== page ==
"Auto Manuals"

8u6hfd8u6hfd Member Posts: 1,391
edited March 2014 in Pontiac
What's your question?


  • beaver5beaver5 Member Posts: 10
    I have always bought a factory maintenance manual when I bought a new car and have been satisfied with the manual giving them a 8 out of 10 for accuracy and ease of use. I have used Chilton and Hayes manuals in the past and found they are to vague and not specific enough trying to cover to many makes within one manual.
    I did not buy any manuals for my latest car (2000 GrandPrix GTP).
    I am now in a position that I have to repair something but cannot locate the part that I have to repair (a drain hose that is clogged).
    I understand that there is a firm called "ALLDATA" that provides online diagrams etc. on specific cars.
    Has anyone out there had experience with the quality and accuracy of this firms data?
  • quonquon Member Posts: 7

    I've used the ALLDATA CR-ROM(s), but to be honest wasn't all the impressed with it. It had specs and part #'s, but very little in the way of specific diagrams for my car. My FSM, although expensive at ~$250 for the set, is much better.

    I haven't used the website, so I can't comment, however, other people have recommended it.

  • swschradswschrad Member Posts: 2,171
    if it's like a drain for a moonroof, the body shop manual if there is a separate one might cover locations and access.
  • mdwhearymdwheary Member Posts: 3
    Try this link to Helminc.com.


    They have service manuals for quite a few models. They are as good as the actual shop manuals.

  • mdwhearymdwheary Member Posts: 3
    Try this link to Helminc.com.


    They have service manuals for quite a few models. They are as good as the actual shop manuals.

  • alcanalcan Member Posts: 2,550
    Check out Alldata DIY here. Click on the Ford or Toyota and see what they have to offer. The 25 bucks yearly is well worth it:


  • dunkmydonutdunkmydonut Member Posts: 35
    There is a very good diy site called batauto.com. You can go there and click on forums pull down then click on domestics. You will usually be answered within a few days by a pro. The service is free, but of course the site has many items for sale. I've only used it a few times, I've found the tecks pleasant and helpful. Forgot to mention you have to post on the forum your question. It's a little slow so be patient.
  • swschradswschrad Member Posts: 2,171
    they are the distributor chosen by ford and other car makers. they don't write their own Helm specials. for recent cars, either CD or dead tree editions. IMHO, if you figure on doing shade tree work, paper is better, and you can throw it in the trunk to impress your friends at parties... you can also make notes in the margins.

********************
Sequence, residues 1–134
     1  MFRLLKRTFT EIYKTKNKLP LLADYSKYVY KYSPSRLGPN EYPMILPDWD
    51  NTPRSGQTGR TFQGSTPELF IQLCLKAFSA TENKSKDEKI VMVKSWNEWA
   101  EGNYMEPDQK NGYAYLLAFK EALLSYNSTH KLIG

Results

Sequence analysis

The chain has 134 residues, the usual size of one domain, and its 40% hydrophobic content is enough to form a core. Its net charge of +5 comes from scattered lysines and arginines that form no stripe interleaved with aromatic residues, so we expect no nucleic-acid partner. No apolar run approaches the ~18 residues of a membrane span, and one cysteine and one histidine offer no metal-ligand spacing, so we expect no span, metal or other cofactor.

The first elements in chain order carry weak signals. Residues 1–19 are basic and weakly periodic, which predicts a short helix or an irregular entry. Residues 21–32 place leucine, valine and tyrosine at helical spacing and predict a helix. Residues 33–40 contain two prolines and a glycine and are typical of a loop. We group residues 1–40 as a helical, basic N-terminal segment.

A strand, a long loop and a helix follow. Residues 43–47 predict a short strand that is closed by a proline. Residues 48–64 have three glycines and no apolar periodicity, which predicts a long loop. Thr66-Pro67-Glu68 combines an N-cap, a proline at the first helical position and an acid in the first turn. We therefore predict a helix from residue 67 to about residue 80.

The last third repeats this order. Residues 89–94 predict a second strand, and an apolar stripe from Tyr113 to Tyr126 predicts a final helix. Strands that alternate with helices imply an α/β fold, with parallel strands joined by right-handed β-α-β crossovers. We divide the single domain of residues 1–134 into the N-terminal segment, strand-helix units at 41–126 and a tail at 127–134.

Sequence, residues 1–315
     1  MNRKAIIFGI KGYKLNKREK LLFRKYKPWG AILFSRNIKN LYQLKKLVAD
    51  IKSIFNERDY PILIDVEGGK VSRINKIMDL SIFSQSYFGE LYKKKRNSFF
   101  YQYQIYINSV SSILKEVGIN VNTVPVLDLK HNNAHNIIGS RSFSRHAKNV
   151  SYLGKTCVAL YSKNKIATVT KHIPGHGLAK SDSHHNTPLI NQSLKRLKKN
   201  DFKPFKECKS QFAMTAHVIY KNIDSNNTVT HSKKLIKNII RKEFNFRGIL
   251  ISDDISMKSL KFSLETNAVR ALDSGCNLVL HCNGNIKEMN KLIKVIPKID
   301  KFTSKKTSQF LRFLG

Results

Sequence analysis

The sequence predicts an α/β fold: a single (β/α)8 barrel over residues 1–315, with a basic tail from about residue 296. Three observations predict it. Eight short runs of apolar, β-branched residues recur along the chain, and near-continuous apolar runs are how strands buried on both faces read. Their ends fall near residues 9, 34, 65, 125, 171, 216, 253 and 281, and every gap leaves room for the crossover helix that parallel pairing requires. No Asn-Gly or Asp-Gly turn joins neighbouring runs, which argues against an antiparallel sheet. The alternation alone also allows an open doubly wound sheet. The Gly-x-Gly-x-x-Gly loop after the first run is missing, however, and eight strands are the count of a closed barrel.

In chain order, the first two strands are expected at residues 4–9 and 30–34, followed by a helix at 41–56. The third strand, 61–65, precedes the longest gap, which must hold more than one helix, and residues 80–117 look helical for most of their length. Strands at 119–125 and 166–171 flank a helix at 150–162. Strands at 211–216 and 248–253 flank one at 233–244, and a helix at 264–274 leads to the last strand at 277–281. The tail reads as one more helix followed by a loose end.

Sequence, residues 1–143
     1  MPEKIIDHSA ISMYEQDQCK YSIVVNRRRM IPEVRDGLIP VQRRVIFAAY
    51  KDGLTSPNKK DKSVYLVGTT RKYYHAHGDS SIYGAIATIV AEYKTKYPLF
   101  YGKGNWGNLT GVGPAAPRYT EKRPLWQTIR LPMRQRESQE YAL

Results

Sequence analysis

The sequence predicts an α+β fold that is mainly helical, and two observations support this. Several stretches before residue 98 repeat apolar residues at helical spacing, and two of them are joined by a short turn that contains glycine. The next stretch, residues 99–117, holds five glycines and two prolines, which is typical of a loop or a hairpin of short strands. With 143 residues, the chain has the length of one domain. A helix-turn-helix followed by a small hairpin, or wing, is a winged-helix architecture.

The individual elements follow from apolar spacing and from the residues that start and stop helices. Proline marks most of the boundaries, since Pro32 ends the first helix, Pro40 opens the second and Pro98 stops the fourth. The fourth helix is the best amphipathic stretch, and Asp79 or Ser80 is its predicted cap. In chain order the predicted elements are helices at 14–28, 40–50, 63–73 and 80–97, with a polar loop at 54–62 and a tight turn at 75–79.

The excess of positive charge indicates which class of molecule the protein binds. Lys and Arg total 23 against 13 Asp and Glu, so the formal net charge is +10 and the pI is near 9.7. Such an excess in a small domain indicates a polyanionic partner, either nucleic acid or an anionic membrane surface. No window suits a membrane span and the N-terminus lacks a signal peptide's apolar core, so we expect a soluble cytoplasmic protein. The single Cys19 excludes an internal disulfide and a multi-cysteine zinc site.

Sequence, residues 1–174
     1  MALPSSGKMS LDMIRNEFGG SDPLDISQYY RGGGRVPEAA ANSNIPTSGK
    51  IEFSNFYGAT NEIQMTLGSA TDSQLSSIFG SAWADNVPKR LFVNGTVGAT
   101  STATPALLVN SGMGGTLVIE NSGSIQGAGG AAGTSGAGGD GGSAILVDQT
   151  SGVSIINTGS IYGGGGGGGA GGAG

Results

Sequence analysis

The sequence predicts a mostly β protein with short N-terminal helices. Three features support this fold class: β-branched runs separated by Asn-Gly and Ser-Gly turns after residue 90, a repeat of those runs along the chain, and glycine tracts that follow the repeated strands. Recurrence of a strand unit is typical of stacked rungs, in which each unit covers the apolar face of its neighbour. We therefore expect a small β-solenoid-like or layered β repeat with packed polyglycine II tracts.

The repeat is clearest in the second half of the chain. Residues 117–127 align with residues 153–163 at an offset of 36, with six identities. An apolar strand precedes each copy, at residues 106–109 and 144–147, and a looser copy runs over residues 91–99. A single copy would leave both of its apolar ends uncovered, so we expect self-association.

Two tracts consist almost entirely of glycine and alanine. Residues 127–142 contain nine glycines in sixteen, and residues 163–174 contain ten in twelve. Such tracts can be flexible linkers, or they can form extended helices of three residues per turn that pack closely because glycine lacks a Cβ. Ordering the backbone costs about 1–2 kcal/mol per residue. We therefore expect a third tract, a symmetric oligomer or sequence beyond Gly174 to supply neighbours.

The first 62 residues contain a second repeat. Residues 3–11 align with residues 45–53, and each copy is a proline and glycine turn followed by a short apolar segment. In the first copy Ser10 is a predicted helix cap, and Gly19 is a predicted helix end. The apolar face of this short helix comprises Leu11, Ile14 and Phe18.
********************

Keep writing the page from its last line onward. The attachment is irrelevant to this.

• alcanalcan Member Posts: 2,550
    We're not always that slow! LOL. Click on my profile and check my email address. We use Alldata Pro for info. And we require the make, model, year, and engine size. Makes it much easier to look up info.
  • 0patience0patience Oregon CoastMember Posts: 1,712
    Thank you for the kind words about batauto.
    As Alcan said, the guys try and get to things as they can. But remember, the mechanics volunteer their time, so sometimes they may not get to things until evening.

    As Alcan said, we use Alldata Pro. Alldata uses information directly from the factory. The AlldataDIY subscription has the TSB and recall information updated every quarter and if you can;t find the info, there should be a support link in the subscription for them to provide the info via fax or e-mail. In my opinion, for $25/year, it is probably the best buy.
    Unfortunately, Honda and Acura are being jerks and will not allow companies like Alldata to supply information to the do it yourselfer.
  • opera_house_wkopera_house_wk Member Posts: 326
    with an intermitant cutout problem using a Haynes manual.
    1. Wanted to check fuel pump current - Wouldn't tell me what relay it was and had to find it by pulling one at a time till engine shut off.

    2. No engine electric schematics - had to find power to ignition pack and other test points by tracing wires and testing for voltage.

    3. Crank sensor test - told me I should measure an open circuit between the two pins when in fact this is not electronic but a coil that should measure between 210 and 260 ohms. To replace crank sensor, remove two bolts. That's easy. Yea, right!

    4. And just what is that big power resistor on the drivers side fender? I'd always thought it was the dropping resistor for the ignition. Engine continues to run when you pull the wire off.

    Well, what do you want for $12.
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